On Tuesday, the NBC morning TV news show "Today" aired the results of an undercover investigation on air-conditioning contractors.

The NBC “Today Show” segment this week on dishonest air-conditioning contractors has  the ACCA reminding homeowners about the importance of finding qualified HVAC companies.

On Tuesday, the morning TV news show aired the results of an undercover investigation on air-conditioning contractors. With a hidden camera recording them, six contractors visited a New Jersey home to fix an air-conditioning problem. Producers said they designed the problem to be an easy, inexpensive fix. But if the companies misled the homeowners about the situation or tried to sell them expensive, unnecessary equipment, a reporter confronted the service technicians.

All of the contractors wanted to perform work that was unnecessary, according to Robert C. Ring, the president of New Jersey HVAC business Meyer & Depew Co., who served as the show’s consultant for the segment.

Ring is a member of the Air Conditioning Contractors of America’s board of directors.

“I was very disappointed by those contractors who did not seem to be doing the right thing,” Ring said. “Overall I think this segment was an important reminder to homeowners that they need to do their homework before they call a contractor. But I also believe it is important to remember that upgrade options are sometimes about improving comfort, lowering energy bills, or solving a long-term problem, not just about increasing the size of the bill.”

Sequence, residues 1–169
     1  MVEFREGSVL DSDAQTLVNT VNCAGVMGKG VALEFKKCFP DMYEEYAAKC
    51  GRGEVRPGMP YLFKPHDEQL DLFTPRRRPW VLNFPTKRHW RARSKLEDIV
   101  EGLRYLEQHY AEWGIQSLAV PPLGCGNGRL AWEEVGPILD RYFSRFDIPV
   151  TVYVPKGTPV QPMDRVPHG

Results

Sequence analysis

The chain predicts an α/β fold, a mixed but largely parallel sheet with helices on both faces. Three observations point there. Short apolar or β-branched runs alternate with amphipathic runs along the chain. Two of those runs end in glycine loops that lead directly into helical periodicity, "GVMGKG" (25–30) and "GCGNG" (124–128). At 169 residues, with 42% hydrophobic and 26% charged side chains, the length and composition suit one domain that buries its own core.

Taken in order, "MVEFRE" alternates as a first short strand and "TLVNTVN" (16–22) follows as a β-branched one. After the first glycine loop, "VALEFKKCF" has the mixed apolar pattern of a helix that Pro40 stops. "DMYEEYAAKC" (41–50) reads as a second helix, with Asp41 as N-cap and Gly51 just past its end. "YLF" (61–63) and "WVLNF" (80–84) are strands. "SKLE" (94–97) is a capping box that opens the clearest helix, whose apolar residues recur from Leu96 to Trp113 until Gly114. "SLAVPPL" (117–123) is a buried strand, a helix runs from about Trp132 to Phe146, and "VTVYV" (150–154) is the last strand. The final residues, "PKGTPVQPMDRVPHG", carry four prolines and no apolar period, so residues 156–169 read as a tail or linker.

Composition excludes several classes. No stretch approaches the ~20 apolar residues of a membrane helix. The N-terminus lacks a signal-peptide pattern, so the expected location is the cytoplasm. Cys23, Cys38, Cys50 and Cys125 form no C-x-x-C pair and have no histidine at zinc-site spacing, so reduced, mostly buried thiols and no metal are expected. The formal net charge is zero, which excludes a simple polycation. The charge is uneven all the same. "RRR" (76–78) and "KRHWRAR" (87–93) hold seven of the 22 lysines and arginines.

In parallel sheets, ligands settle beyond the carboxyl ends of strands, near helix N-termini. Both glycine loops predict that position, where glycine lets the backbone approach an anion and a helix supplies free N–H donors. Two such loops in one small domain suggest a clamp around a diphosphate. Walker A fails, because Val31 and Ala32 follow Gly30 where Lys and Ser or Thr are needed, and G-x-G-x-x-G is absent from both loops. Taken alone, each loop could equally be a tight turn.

The ACCA recommends homeowners ensure the HVAC company they are hiring uses certified, licensed technicians, and ask neighbors who they use to fix their system.

“When choosing a contractor, it should not be about which company buys the most prominent search engine link, or has the flashiest website, or has the biggest Yellow Page ad,” said Paul T. Stalknecht, the ACCA’s president and chief executive. “While there are thousands of professional contractors who do outstanding service and care about their customers first, it is the homeowner’s responsibility to find them, and that takes a little work.”

Video of the “Today Show” investigation is available here .